Sprint details WiMax plans, to offer access via millions of device chips

Company to invest $5B in 'Xohm' wireless network through 2010

Sprint Nextel Corp.'s planned WiMax service, now dubbed Xohm, will launch in the Chicago and Washington/Baltimore markets by year's end, then reach 100 million users nationwide by the end of 2008, company officials said today.

The secret sauce behind the Xohm (pronounced Zoam) service will be its ability to connect laptops, phones, handhelds and millions of consumer electronic devices wirelessly using standard WiMax chips from Intel Corp. and other manufacturers, said Barry West, Sprint's chief technology officer, during a Web conference for reporters and analysts.

Sprint has commitments from its chip partners to embed 50 million WiMax chips, with prices of $5 to $15 apiece, into devices within cars as well as cameras, laptops and other equipment over the next three years, West said. Users will click on WiMax access from the device and "come to our network," he said.

The Xohm network will operate as open access, meaning that all WiMax-certified devices will be able to operate on the network, West added. Devices will not need an additional carrier certification, just the one from the device maker.

Sprint's challenge is that "we have to give [users] attractive services and pricing to get the users to attach to our network," West said. "I am convinced this model can work ... offering the mobile Internet. This is a game-changing business model."

Many ingredients are involved to make Xohm work, including Sprint's partnering in July with Google Inc. for Internet services and with Clearwire Corp. to build out a WiMax network, said Sprint CEO Gary Forsee.

From a financial perspective, Xohm will generate between $2 billion and $2.5 billion in revenues in 2010, but first the company expects to invest $2.5 billion in capital expenses through 2008, and another $2.5 billion by the end of 2010, said Paul Saleh, chief financial officer.

Forsee described Xohm as low-cost wireless service with up to five times the speed of 3G wireless, at rates of 2Mbit/sec. to 4Mbit/sec. and even up to 10Mbit/sec. Sprint will have WiMax "before anybody else" with a two-year advantage. "Our competitors are in WiMax denial," West added.

West and Forsee described two ways Sprint expects to earn revenue from Xohm. One is through monthly subscriptions for wireless cards, which are similar to wireless broadband cards, and the other is through pricing for individual wireless session services, such as a video or a game.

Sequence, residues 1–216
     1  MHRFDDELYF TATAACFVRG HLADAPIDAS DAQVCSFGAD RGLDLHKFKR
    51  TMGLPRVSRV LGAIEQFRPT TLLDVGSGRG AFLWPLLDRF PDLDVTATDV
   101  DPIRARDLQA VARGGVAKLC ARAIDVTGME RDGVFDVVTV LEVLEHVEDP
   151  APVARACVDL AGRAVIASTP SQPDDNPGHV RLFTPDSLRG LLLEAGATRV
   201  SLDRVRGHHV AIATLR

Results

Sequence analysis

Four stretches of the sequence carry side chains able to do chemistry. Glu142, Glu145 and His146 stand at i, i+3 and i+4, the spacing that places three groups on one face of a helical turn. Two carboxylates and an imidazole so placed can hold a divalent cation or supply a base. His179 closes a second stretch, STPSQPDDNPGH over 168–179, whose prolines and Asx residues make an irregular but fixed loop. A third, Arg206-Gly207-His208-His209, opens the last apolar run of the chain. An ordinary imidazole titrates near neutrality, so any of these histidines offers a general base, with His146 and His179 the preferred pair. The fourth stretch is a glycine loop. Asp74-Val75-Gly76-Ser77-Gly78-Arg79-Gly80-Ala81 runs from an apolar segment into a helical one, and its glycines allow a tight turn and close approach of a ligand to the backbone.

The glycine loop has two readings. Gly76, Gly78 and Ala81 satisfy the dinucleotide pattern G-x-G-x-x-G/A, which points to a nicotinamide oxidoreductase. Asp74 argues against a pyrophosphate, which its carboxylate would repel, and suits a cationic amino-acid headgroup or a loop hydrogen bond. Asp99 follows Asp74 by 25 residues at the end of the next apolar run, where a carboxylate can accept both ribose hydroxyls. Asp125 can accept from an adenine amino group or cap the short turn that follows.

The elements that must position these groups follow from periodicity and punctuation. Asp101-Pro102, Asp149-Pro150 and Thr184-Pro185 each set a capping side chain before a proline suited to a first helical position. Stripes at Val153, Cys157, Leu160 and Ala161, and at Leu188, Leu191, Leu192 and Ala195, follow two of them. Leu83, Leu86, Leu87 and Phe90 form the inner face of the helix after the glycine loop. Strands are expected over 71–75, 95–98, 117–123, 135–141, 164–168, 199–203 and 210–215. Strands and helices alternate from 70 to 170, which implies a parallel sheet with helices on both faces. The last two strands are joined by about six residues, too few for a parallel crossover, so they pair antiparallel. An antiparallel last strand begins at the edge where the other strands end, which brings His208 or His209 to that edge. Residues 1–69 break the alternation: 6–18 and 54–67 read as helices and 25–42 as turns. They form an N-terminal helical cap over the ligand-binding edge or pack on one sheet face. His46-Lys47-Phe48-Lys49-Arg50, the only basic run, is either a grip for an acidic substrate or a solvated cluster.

Sprint expects to keep its costs low because it will operate Xohm on 2.5-GHz licensed spectrum, which Sprint already controls. That means Sprint's buildout will take far fewer access points than a network built in the 700-MHz spectrum that's being sold at auction next year, West said. He estimated it would take 10 to 15 times as many access points for a new provider winning 700-MHz spectrum to build out access points than for Sprint to build out Xohm.

Compared to Wi-Fi, Xohm will be overlicensed spectrum, avoiding potential interference in Wi-Fi's unlicensed band, West said. He predicted that corporations will be encouraged to build WiMax hot spots instead of Wi-Fi hot spots "but without all the interference issues."

West said his experience with municipal Wi-Fi from the city of Alexandria, Va., has so far been a "disaster" because of congestion and an "indifferent" provider. But in the case of Xohm, Sprint would "own the spectrum, it would be managed, and you'll be in a relationship with us."

For some time, West said that dual-mode laptop cards that work in both WiMax and over the EVDO wireless network will be in vogue, as WiMax grows. Sprint plans to sell dual-mode cards, and a Xohm unit of the company will market WiMax-only cards, he said.

Industry analysts said Sprint's ambitious plans will require careful execution to succeed. WiMax looks "very promising" for Sprint, said Jeff Kagan, an independent analyst. "How successful [Sprint] will be ... is still a question that won't be answered for several years, but ... the company is heading in the right direction."

Another analyst, Jack Gold at J. Gold Associates in Northboro, Mass., said Sprint is "way ahead in the U.S." with WiMax because it has the most wireless 2.5-GHz spectrum to deploy it on, while AT&T Inc. and Verizon Wireless "don't have anything comparable."

"The challenge will be building out the network infrastructure and charging for services at a reasonable rate that consumers and business will not balk at," Gold added. That means the service will probably have to be comparably priced to DSL and cable modem access, he said.

"Within the next two years, there will be a big demand for WiMax, driven in large part by Intel," which will make WiMax chips available for ... mobile systems at a "fairly low cost" by late 2008 or early 2009, Gold said.

Copyright © 2007 IDG Communications, Inc.

7 inconvenient truths about the hybrid work trend
Shop Tech Products at Amazon